Blocking out the scenery. Breaking my mind.
No, the current sign ordinance being considered by the Jackson Town Council isn’t a do-this-don’t-do-that mandate against which the counterculture is pushing back.
But it’s probably not a good idea.
Turns out I’m the only council candidate willing to say no to temporary signs and banners for businesses, as Mayor Mark Barron has proposed. Nonprofits still would be allowed to display banners for their community events.
This isn’t the most pressing issue, and it’s not like I’m on a crusade against signs (besides political yard signs, of course), but we have an obligation to keep the town looking tidy and not a junk show.
From the News&Guide article:
“It doesn’t bother me when someone hangs a sale sign outside their business,” Stanford said in the email. “But I am leery of having the planning department monitor the size, frequency and duration of all signs in town. It might be simpler not to allow any signs.”
When the reporter first called and asked my stance on the proposed ordinance, I told him I opposed it. My gut feeling is it’s better to have too few of these banners — advertising sales and such — than too many. Besides, aren’t there better ways in 2012 to convey this information? (Facebook, anyone?)
Then I talked to two friends who served on the council back in the 1980s: Paul Bruun and Nancy Baudisch, our longtime bookkeeper at Barker-Ewing. Turns out Nancy championed the existing ordinance that restricts businesses from displaying temporary banners, and she and Paul got it passed. Both of them said hell no to the proposed change.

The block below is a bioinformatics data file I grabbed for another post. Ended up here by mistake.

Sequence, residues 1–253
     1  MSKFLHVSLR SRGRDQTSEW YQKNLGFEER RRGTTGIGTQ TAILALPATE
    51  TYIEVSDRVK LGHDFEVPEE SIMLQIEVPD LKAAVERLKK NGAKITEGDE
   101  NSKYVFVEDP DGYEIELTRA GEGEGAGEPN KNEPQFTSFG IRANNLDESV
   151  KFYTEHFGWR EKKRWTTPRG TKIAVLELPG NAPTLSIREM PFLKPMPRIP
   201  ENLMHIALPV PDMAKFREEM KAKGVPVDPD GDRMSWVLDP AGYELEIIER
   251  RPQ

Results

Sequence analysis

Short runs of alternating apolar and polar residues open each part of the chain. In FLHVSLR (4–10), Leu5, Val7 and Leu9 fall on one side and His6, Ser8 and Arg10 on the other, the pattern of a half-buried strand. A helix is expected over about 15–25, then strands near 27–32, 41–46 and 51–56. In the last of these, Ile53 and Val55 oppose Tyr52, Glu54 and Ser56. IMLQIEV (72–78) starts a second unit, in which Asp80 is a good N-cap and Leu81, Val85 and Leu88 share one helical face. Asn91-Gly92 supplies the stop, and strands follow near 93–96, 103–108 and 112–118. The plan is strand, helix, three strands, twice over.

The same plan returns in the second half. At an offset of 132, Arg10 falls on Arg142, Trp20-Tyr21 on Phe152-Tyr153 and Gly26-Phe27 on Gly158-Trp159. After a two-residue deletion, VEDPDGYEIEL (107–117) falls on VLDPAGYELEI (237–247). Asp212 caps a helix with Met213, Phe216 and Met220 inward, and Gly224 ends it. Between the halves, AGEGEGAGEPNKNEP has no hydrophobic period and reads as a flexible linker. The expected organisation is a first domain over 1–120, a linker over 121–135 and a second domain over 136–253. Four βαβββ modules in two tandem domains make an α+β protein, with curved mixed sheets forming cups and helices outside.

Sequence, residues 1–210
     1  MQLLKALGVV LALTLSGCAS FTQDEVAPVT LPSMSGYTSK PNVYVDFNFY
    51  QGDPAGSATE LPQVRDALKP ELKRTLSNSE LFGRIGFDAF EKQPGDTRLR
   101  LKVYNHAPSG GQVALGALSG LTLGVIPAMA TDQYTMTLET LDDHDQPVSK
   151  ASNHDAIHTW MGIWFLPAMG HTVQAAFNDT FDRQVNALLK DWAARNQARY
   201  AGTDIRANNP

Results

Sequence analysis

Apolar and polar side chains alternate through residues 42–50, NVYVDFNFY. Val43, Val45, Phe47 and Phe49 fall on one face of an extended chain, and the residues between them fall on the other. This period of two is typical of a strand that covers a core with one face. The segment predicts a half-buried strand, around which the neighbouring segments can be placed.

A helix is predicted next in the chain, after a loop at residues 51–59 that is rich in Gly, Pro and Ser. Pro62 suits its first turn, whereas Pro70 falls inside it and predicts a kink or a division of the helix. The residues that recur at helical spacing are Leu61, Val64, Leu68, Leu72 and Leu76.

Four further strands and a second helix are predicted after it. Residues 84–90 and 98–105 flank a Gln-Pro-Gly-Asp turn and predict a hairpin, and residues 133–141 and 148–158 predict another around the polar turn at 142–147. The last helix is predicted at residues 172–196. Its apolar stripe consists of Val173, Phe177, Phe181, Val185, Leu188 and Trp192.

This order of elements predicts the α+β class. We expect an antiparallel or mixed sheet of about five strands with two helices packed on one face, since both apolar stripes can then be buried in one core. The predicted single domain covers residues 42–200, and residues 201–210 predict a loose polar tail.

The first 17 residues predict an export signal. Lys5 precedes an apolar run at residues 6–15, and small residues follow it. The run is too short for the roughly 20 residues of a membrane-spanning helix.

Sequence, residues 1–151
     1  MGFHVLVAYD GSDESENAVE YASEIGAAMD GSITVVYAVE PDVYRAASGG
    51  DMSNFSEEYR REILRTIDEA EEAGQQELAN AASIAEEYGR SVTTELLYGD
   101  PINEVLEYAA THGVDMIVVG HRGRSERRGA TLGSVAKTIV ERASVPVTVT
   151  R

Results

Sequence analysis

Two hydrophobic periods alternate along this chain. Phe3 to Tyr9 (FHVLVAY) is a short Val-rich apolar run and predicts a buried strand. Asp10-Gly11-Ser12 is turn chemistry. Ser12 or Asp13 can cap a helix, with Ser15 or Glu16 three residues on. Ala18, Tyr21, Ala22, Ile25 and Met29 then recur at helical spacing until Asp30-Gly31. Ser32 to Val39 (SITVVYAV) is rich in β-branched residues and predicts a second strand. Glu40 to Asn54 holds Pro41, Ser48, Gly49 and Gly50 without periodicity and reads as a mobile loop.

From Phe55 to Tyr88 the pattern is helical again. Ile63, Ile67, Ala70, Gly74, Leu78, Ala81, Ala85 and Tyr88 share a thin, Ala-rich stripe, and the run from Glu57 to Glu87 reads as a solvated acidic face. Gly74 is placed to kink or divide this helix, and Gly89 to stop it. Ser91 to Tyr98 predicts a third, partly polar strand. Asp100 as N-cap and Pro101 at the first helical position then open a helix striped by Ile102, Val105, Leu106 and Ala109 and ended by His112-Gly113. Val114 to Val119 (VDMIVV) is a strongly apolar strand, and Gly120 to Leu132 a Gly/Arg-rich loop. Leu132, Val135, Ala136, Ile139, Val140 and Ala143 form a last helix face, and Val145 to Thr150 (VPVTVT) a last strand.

One of the things I’ve learned while running for council is that a lot of these issues have come up before, and history can serve as a guide. (The proposed purchase of the Forest Service property on North Cache is another example, but I’ll save that for a separate post.) The town was an eyesore with all sorts of banners, one business trying to outdo the next, before Nancy and Paul took action.
A News&Guide editorial decried the proposed change:
Jackson can do without temporary commercial signs that likely wouldn’t boost business but would degrade the character of a town that has taken pains to look smart.
With continued vigilance, Paul’s and Nancy’s vision of a less cluttered Jackson is alive and doing fine.